Ontario Abandoned Places

Documenting Canada's Abandoned Structures


Frood Mine circa 1928
Source: CN004698

Frood mine circa 1930

Original mine building
Nov. 2005

Above vintage photos courtesy of INCO Limited

Postcard of open pit mine

Frood Mine


The Frood mine is named after prospector Thoms Frood. In 1885 he located a property that was to become the Copper Cliff mine.

The site known as the Frood-Stobie mine originally consisted of two mines: INCO's Frood Mine and the Mond Nickel Company's Stobie mine. Mond discovered their ore body in 1884 while INCO would discover their ore body in 1899. In 1913 a post office opened on site but would close within three years.

It was later discovered that the two ore bodies were shared. In order that both companies could continue to mine the mutually shared ore, the companies amalgamated on January 1, 1929.

A hockey team was formed, named the Frood Mine Tigers. In 1936-1937 they won every championship and went on to play for the Allen Cup.

The town site population stood at around 120 residents.

The original Frood mine became an open pit in the 1950's and the buildings town down in the 1970's.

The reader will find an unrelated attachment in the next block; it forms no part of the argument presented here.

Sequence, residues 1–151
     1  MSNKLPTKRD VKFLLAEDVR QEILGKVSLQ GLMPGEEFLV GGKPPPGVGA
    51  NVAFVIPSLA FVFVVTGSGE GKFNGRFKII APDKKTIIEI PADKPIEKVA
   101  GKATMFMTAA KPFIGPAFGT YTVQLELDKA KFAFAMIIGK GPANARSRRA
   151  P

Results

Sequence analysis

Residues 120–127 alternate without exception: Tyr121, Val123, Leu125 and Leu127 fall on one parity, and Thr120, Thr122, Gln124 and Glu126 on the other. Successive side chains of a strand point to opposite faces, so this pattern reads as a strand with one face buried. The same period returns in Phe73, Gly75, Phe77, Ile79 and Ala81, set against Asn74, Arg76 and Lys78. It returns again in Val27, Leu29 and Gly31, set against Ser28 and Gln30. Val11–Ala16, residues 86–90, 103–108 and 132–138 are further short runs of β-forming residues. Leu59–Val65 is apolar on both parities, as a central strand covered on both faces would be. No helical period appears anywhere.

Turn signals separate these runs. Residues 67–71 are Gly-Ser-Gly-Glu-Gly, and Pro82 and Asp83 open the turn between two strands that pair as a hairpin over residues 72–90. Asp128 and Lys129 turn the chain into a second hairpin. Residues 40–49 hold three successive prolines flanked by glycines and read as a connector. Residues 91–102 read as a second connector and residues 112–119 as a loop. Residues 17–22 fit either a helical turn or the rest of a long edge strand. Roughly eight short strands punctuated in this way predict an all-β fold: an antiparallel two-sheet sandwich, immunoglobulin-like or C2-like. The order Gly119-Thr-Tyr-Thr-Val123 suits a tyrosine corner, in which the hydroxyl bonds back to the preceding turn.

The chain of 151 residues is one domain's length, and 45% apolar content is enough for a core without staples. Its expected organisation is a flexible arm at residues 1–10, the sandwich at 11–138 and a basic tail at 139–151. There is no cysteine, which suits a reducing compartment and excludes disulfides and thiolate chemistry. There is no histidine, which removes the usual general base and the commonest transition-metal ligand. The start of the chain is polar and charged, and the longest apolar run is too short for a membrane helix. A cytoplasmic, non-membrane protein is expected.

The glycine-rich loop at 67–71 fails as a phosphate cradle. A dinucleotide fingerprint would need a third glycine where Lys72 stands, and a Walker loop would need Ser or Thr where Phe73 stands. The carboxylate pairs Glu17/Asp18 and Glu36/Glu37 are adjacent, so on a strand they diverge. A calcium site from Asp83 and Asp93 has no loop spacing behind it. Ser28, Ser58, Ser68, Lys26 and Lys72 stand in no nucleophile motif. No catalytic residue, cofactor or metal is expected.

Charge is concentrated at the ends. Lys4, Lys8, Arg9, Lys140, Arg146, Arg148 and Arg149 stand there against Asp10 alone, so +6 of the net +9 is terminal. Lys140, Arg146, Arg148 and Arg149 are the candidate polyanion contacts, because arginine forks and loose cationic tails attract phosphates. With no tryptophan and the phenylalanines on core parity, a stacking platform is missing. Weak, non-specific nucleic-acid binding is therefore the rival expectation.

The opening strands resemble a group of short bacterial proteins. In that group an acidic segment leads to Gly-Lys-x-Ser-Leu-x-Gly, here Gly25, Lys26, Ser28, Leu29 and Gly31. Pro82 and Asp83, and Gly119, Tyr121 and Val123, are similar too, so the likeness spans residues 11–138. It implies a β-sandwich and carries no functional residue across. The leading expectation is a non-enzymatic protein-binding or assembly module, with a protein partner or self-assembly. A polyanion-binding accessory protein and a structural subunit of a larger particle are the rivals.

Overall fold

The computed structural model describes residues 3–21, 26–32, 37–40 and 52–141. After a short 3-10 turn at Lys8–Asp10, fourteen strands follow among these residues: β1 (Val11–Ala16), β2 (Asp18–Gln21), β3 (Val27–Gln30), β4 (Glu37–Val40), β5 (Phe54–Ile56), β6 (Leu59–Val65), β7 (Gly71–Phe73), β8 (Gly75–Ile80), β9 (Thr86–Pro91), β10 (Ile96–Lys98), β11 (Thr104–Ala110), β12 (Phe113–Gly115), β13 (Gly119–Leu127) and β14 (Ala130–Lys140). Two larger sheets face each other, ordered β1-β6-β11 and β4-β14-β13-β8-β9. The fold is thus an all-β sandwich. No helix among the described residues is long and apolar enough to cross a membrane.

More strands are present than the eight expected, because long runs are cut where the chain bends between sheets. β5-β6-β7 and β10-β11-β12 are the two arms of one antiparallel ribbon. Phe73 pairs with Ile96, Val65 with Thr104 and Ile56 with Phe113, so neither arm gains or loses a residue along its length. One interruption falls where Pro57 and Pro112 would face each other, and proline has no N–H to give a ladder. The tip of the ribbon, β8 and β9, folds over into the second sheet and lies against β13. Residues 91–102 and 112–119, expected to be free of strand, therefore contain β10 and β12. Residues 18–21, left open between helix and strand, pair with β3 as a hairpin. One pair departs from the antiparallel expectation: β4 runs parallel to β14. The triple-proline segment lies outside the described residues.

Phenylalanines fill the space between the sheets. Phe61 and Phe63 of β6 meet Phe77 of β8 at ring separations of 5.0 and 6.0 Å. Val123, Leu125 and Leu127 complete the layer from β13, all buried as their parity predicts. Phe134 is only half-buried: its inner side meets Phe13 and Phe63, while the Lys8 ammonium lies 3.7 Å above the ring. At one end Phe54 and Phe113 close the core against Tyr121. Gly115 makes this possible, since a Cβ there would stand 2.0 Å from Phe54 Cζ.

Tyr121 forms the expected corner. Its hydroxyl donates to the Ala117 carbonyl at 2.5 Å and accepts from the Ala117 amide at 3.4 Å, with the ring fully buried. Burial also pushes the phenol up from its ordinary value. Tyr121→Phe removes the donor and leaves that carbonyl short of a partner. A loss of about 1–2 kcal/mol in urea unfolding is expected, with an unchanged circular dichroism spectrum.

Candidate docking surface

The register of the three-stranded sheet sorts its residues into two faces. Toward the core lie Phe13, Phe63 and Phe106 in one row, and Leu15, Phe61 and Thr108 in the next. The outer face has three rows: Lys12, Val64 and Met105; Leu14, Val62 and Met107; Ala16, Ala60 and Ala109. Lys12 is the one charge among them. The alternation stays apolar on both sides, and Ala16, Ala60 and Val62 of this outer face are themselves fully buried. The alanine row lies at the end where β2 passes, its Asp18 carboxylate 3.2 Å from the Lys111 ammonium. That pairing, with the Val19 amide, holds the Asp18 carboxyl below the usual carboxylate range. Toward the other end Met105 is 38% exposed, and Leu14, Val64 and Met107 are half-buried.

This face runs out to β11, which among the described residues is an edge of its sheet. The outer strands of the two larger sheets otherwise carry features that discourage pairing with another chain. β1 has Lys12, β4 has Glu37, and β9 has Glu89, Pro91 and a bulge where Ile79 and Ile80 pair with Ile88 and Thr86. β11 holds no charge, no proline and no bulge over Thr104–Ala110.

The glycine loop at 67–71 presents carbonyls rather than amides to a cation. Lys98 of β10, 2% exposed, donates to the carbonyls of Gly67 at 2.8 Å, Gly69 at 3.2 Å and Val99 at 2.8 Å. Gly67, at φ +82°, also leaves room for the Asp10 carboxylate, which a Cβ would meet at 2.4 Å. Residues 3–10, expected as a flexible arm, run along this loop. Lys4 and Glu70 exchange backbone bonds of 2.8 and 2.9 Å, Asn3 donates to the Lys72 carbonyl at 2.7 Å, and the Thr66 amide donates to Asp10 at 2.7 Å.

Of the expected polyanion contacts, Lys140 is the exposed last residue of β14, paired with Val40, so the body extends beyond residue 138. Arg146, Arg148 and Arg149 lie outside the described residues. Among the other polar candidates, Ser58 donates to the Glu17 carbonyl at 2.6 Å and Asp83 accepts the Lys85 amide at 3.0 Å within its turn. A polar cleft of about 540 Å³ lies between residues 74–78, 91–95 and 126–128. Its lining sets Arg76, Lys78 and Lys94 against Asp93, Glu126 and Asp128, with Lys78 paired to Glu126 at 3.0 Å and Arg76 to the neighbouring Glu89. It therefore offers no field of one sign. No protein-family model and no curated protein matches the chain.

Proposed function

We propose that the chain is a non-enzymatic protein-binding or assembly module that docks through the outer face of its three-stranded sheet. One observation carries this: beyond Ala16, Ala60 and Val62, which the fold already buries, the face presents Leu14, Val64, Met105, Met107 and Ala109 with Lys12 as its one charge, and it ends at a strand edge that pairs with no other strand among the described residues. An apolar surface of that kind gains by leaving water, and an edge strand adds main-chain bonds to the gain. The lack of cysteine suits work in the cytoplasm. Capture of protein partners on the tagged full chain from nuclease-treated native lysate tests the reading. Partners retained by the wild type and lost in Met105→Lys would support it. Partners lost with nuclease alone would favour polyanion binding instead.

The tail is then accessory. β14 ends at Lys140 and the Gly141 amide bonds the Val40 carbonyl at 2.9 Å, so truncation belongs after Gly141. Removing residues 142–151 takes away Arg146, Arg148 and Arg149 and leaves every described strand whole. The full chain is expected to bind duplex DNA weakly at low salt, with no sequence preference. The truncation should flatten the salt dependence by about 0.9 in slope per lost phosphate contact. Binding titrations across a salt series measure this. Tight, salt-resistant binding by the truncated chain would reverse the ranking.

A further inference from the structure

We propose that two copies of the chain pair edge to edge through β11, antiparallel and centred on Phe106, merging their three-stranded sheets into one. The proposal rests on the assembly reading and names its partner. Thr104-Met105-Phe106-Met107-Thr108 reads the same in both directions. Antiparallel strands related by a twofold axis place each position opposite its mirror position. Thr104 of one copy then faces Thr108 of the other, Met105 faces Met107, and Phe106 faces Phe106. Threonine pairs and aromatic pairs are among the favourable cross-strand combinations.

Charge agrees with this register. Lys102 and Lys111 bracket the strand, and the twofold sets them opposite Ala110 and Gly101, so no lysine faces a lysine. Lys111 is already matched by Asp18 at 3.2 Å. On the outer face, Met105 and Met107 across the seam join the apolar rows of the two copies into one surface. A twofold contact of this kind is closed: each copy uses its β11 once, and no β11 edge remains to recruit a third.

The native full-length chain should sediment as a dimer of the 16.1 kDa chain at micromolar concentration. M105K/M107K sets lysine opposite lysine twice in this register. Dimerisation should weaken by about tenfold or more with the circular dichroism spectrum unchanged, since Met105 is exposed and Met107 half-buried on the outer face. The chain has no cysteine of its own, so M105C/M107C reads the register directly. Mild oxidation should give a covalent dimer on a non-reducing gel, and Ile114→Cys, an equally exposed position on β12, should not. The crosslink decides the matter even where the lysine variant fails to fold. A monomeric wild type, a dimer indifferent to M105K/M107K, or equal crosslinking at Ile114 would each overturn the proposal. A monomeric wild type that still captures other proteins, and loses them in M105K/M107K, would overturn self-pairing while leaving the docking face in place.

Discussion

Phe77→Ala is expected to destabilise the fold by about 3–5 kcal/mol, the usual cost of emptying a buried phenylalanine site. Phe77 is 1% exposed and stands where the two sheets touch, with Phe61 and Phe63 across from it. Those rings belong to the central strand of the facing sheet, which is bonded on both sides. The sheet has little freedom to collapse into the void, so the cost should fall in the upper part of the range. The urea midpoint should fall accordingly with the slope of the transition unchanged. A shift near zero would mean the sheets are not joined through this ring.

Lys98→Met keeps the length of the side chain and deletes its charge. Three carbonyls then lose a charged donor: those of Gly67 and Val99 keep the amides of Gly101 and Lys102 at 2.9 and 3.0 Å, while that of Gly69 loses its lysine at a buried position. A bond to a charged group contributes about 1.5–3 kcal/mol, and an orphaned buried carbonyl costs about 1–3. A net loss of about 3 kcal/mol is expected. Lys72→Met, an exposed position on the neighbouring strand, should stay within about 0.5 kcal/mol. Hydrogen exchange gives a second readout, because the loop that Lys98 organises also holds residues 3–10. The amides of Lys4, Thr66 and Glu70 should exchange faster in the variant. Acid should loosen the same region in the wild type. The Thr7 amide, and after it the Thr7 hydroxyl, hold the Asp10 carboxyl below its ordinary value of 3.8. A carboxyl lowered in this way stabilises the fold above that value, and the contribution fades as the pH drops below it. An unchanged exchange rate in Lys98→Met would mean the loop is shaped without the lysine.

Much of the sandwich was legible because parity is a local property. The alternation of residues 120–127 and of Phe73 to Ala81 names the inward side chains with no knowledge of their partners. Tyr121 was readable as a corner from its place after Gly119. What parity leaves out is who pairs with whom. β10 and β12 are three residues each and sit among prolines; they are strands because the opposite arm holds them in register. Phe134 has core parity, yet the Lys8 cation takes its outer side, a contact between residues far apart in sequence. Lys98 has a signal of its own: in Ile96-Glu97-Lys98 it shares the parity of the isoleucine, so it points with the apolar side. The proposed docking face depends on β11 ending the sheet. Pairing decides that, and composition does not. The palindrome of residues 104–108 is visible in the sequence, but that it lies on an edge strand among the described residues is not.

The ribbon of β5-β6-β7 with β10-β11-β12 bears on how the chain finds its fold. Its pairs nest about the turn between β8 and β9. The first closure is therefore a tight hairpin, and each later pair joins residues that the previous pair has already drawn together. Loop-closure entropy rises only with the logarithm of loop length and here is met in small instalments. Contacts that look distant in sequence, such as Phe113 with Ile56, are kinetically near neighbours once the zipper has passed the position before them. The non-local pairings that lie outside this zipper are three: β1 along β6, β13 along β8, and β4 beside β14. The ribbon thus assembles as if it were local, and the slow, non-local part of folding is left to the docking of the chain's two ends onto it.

By the year 2000 the mine had produced over 5,000,000 tonnes of nickel and copper and 55 tonnes of gold.

Directions: Take Lasalle in Sudbury up to Frood Road and turn right at the lights. Alternatively you may take Frood Road which crosses Lasalle. The mine is located on private property.

The stairs to one of the original homes can be found as can some original buildings.

Abandoned houses may be dangerous! Read the LEGAL DISCLAIMER.
Always obtain permission before entering someone else's property.

anonymous says:
12/23/2008 6:48:57 AM

My grate-grandfather Hugh murdoch frood was a founder of the Frood mine my father is also names Hugh and to this day is still looking for info on all of the mine info anyone can help please send to singleangel2222@hotmail.com

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Frood mine circa 1930

The Frood Mine work yard as it appeared in 1944

Frood Mine
Nov. 2005

B/W photos courtesy of INCO

Valentine-Black postcard (1950)

Canada Science and Technology Museum
Photo (link)